Oprah Winfrey has stepped away and will no longer be an executive producer of the upcoming untitled documentary about music executive Drew Dixon, who accused Russell Simmons of sexual misconduct. The documentary also will not air on Apple TV+, but is still expected to world premiere as scheduled at the 2020 Sundance Film Festival.
Sundance describes the “Untitled Kirby Dick/Amy Ziering Film” directed by Kirby Dick and Amy Ziering, as “A brilliant former hip hop executive grapples with whether to go public about her rape by one of the most powerful men in the music industry. A gripping and profound examination of race, gender, intersectionality, and the toll sexual abuse takes on survivors and on society at large.”
“I have decided that I will no longer be executive producer on The Untitled Kirby Dick and Amy Ziering documentary and it will not air on Apple TV+,” Winfrey said in a statement to The Hollywood Reporter. “First and foremost, I want it to be known that I unequivocally believe and support the women. Their stories deserve to be told and heard. In my opinion, there is more work to be done on the film to illuminate the full scope of what the victims endured, and it has become clear that the filmmakers and I are not aligned in that creative vision. Kirby Dick and Amy Ziering are talented filmmakers. I have great respect for their mission but given the filmmakers’ desire to premiere the film at the Sundance Film Festival before I believe it is complete, I feel it’s best to step aside. I will be working with Time’s Up to support the victims and those impacted by abuse and sexual harassment.”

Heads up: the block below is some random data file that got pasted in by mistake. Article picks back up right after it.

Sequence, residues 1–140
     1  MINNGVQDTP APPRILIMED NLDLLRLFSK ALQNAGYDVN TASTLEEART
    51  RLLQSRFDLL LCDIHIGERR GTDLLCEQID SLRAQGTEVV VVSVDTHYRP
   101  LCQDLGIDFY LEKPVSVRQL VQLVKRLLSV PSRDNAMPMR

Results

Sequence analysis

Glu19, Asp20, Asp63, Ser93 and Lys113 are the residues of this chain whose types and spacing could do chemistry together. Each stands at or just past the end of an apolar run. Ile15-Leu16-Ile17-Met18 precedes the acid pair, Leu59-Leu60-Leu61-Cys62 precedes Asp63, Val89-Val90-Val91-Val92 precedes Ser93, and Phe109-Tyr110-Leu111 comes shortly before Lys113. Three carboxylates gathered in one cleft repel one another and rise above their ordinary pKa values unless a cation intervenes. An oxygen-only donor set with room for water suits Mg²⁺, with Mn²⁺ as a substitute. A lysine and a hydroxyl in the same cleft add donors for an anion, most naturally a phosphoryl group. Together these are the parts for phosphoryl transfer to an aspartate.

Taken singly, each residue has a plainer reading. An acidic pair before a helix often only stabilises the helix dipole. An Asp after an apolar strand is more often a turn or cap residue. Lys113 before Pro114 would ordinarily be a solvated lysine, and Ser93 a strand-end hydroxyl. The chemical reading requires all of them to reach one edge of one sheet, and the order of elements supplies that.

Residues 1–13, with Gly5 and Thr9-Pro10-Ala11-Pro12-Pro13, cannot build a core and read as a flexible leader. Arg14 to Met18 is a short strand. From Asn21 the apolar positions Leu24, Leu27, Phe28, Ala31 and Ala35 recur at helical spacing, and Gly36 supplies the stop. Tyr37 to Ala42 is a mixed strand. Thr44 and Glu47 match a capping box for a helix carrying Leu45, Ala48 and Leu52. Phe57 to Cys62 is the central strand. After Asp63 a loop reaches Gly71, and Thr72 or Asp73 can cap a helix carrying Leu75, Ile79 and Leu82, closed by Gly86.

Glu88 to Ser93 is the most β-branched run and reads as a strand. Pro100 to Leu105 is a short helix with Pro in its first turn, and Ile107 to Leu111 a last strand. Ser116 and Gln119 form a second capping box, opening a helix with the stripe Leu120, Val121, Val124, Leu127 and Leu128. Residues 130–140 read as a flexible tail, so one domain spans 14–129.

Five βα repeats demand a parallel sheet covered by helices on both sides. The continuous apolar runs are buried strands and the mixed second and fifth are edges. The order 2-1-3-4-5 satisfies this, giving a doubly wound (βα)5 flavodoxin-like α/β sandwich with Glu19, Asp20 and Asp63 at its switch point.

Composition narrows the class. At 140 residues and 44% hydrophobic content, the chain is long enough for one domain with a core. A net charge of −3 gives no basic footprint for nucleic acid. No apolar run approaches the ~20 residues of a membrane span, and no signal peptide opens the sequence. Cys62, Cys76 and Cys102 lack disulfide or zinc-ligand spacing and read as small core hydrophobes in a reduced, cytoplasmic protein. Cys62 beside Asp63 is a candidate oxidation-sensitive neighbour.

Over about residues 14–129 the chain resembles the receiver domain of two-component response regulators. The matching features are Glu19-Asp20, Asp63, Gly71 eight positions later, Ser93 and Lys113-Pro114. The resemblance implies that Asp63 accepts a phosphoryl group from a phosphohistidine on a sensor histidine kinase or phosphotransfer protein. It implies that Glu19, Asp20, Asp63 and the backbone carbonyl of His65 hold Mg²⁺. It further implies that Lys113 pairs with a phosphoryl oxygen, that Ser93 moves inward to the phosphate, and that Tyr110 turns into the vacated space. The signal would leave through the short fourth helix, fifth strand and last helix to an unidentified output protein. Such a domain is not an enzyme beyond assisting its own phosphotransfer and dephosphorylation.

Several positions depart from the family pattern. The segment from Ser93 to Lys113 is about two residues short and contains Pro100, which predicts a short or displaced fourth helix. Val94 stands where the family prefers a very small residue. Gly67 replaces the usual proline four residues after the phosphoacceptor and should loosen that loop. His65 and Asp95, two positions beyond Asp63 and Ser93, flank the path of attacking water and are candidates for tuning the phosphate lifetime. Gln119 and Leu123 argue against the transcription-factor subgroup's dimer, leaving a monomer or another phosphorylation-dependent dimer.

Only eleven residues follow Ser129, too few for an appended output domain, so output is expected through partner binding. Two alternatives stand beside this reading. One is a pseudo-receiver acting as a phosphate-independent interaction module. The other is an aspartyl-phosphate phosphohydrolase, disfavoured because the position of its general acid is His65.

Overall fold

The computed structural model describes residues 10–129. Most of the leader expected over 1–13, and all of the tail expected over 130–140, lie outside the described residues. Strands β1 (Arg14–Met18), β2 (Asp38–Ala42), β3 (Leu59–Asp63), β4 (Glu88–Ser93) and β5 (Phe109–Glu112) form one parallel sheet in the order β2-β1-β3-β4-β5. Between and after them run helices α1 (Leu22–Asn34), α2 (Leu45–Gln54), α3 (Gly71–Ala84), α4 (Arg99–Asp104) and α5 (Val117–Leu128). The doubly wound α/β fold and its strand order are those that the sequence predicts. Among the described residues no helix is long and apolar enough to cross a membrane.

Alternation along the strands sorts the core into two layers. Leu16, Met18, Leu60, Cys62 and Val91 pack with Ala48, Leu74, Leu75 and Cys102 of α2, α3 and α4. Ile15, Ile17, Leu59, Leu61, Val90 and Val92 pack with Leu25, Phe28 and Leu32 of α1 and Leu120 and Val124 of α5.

Kirby Dick and Amy Ziering are the team behind the Oscar-nominated college campus rape documentary exposé The Hunting Ground and 2012’s The Invisible War. Their most recent film, The Bleeding Edge, follows the fast-growing medical device industry’s corruption and malfeasance, which compelled industry giant Bayer to remove one harmful device from the market, and is catalyzing a worldwide debate about regulation and patient safety.
In an exclusive response to Deadline, filmmakers Kirby Dick and Amy Ziering said: “Revealing hard truths is never easy, and the women in our documentary are all showing extraordinary strength and courage by raising their voices to address sexual abuse in the music industry. While we are disappointed that Oprah Winfrey is no longer an Executive Producer on the project, we are gratified that Winfrey has unequivocally said she believes and supports the survivors in the film.
The #MeToo experiences of Black women deserve to be heard, especially against powerful men, so we will continue with our plans to bring the film to The Sundance Film Festival. This film, more than two years in the making, will be our eighth film to premiere at Sundance. The film is a beacon of hope for voices that have long been suppressed, and an inspiration for anyone wanting to regain their personal power.”
Time’s Up Foundation president and CEO Tina Tchen said in a statement of her own: “Time’s Up is in full support of the survivors who have spoken out about Russell Simmons. These women are brave. We believe them. We support Oprah Winfrey in maintaining that the victims’ stories deserve to be heard on their own terms. Too often, black women are silenced, disbelieved, or even vilified when they speak out. On top of that, for years, these women have been attacked by powerful forces surrounding Russell Simmons – illustrating how difficult it is to speak out against powerful men. And how important it is for powerful men to be held accountable for their actions. As Oprah made clear in her statement, any decision by her and Apple regarding this documentary does not change the underlying facts. We assert Time’s Up’s unwavering support for these survivors. We are in awe of their courage and strength. We will continue to fight for them, and we will continue to fight for a future where black women are truly heard and believed.”